Why Did CityWell Decide to Offer Sanctuary to Samuel?
There are several elements that contribute to this decision. First, nearly 15% of our congregation is Latino, and after the election of President Trump, there was a significant concern among these brothers and sisters for the situation facing their community, specifically with regard to heightened vulnerability to deportation for undocumented family members and neighbors, as well as for DACA recipients. Sanctuary was an opportunity presented by Latino CityWellers for the leadership team to consider as a faithful way to love our neighbors.
Second, Samuel asked. Samuel has deep relational connection to CityWell through Alma and Ismael Ruiz, who served as Samuel’s pastors in Greenville and are now part of the CityWell family. When faced with a deportation order, Samuel reached out to the Ruiz family, and so to us. We believe that no person or congregation can do everything, but that we must attend to those things that the Lord puts in front of us. We believe this is one of those things.
Third, as a pastoral team, we are compelled by scripture to offer sanctuary. Consider Leviticus 19:33-34: “When a stranger sojourns with you in your land, you shall not do him wrong. You shall treat the stranger who sojourns with you as the native among you, and you shall love him as yourself, for you were strangers in the land of Egypt: I am the Lord your God” (see also: Exodus 22:21-23, 23:9, Deuteronomy 24:14-22, Ezekiel 22:7, 29). We are compelled by Jesus teaching that we should love our neighbors as we love ourselves (Matthew 22:39). We believe Jesus meant it when he said, “when I was a stranger you welcomed me… for whenever you did it unto the least of these, you did it unto me” (Matthew 25:35, 40), and we are hopeful that in welcoming Samuel we are welcoming our Lord. We think that when Paul said, “when one part of the body suffers, all suffer together with it” (1 Corinthians 12:26), that this includes Samuel, who is without question part of Jesus’ body, and who, with his family, is suffering deeply. We are convicted that when Paul wrote, “Therefore welcome one another as Christ has welcomed you, for the glory of God” (Romans 15:7), that there is not a caveat to exclude people based upon borders, nationalities, and immigration status.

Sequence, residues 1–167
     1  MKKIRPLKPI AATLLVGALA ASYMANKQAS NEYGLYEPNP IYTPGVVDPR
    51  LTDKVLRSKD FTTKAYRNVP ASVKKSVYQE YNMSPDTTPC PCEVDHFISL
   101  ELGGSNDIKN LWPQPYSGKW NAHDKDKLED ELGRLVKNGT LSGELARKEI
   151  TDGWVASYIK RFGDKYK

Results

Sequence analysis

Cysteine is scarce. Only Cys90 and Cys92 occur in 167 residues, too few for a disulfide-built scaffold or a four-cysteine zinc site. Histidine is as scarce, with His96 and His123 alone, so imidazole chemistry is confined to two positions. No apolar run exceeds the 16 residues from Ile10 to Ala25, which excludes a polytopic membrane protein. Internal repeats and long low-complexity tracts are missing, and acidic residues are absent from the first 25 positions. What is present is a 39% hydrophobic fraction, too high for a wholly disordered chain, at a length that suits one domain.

The CityWell pastors only decided to offer sanctuary to Samuel after a very focused process of listening to our neighborhood (approximately ⅓ of which is Latino), and to our congregation. In the week before the decision to offer sanctuary was made, CityWell teams canvassed the neighborhood, speaking to over 70 Latino residents, 7 Latino business owners, as well as 3 Latino pastors and their congregations. We handed out this flyer to everyone we engaged in conversation, so that people would have basic information and an awareness of potential risks. Where many concerns were shared, as well as a few objections to our moving forward (3 to be precise), the overwhelming majority of respondents expressed strong and hopeful support. We also employed this survey to gauge the level of support for sanctuary within the congregation, knowing that without a strong base of support, we could not move forward in good faith. Again, the overwhelming response was for CityWell to become a Sanctuary Church. So, based upon support expressed from Latino residents, business owners, and pastors in the Lakewood neighborhood, and from a great many people in the congregation, the CityWell pastors decided to extend the offer of sanctuary to Samuel. We took this step with the conviction that God has called us into a covenant practice of welcoming as we are welcomed by God in Jesus, and that this is a faithful response to that call.
For those who want to know more about the Sanctuary Church Movement, how sanctuary works, what the hoped for outcomes are as well as a ton of context information, check out this link.